Over the past summer, we were fortunate enough to interview Greg Watanabe, an American actor who blew us away with his performance in the one-man-play Hold These Truths by Jeanne Sakata. In our interview with Watanabe, we got an exclusive look into his experience and past with acting, as well as what it was like to shift from all of these different genres into Broadway for his latest production, Allegiance.
Though Watanabe is an actor who now lives in Los Angeles, he describes his earlier experience with theater as primarily stage work. In particular, he expresses that not only was his role in Allegiance a “pinnacle” moment for him, he confidently and repeatedly states that it was his “dream role”. He describes his evolution in Asian American theater as a learning process through various roles which as developed his knowledge and passion for his work.
In the 90-minute one-man-play Hold These Truths, Watanabe inhabits the character of Gordon Hirabayashi, a civil rights hero during curfew and exclusion orders during the Japanese American incarcerations of WWII, as well as at least a half dozen other characters. After extreme resistance during the elimination of his people's civil liberties, his case goes to the Supreme Court where it faces defeat. These cases were later reopened in the 80s and the convictions were overturned.
He states that the audience of his performance here will have a more detailed understanding of what happened during this time simply due to the different emotions that are conveyed through different genres. Watanabe talks more specifically about the various demands and venues from both Hold These Truths and Allegiance and how they have impacted him and his audiences. The smaller venue of his one-man performance focuses more on storytelling and depiction whereas a larger theater for a musical Broadway performance full of song and dance may convey a much different sense of emotion.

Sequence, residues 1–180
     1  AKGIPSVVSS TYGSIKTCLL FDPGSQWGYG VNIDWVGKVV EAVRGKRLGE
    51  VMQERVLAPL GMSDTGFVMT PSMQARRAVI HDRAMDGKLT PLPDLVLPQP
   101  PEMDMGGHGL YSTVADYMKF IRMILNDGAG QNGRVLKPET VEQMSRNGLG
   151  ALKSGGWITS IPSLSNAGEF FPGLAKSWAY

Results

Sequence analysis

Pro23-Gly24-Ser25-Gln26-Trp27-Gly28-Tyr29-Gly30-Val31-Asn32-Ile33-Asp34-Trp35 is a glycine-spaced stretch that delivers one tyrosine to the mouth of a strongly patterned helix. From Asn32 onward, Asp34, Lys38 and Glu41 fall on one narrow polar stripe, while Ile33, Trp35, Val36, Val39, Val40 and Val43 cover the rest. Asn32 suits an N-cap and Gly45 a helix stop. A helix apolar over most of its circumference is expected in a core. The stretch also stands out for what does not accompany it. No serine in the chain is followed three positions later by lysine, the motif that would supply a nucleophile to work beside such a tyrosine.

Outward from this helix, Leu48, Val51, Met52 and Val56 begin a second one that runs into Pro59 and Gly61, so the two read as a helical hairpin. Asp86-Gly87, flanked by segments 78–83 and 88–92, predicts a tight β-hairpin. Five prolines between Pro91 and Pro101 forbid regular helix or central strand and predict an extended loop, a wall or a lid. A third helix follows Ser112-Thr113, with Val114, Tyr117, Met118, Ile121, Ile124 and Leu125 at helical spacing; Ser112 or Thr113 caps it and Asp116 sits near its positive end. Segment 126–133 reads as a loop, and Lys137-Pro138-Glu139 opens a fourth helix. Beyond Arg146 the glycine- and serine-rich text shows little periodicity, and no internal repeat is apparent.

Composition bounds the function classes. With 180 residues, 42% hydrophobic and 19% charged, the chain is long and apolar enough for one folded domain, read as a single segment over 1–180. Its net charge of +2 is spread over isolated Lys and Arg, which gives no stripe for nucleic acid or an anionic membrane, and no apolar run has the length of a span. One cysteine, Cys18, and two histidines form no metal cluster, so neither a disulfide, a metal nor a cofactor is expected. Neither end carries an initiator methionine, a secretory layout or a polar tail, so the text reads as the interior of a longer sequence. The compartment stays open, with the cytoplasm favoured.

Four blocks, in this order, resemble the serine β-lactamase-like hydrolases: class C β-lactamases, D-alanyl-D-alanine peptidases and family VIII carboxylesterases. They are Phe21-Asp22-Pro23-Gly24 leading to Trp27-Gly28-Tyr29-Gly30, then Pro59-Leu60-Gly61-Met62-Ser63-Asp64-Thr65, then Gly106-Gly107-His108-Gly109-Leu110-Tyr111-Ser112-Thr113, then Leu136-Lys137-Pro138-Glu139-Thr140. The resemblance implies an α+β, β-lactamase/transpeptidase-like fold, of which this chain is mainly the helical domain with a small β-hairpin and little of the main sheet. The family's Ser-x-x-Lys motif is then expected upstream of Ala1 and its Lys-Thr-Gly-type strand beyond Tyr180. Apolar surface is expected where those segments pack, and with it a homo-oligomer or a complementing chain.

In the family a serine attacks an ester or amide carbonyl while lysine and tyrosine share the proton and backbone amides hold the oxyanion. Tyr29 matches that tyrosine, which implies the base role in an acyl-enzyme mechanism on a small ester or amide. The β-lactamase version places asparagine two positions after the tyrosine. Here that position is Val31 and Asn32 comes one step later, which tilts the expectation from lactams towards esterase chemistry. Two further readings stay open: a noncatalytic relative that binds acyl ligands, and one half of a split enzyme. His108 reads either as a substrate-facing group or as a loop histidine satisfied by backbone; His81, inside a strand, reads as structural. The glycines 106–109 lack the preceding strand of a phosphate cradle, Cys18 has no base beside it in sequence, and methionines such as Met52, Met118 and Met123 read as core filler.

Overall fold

Watanabe’s dream role of Mike Masaoka in Allegiance touches on many different aspects of life during the Japanese American incarceration in World War II. He describes this performance as deeply affecting and identifies a pattern of this isolation and separation that we see occurring now among certain communities. More specifically, he compares these patterns to Islamophobia and anti-Arab movements that exist throughout our society today. He also comments on the use of the incarceration of Japanese Americans to justify the current situation we find ourselves in today and the profound impact it has on him personally and the country as a whole.
Allegiance is coming to select movie theaters for December 7th and 9th only!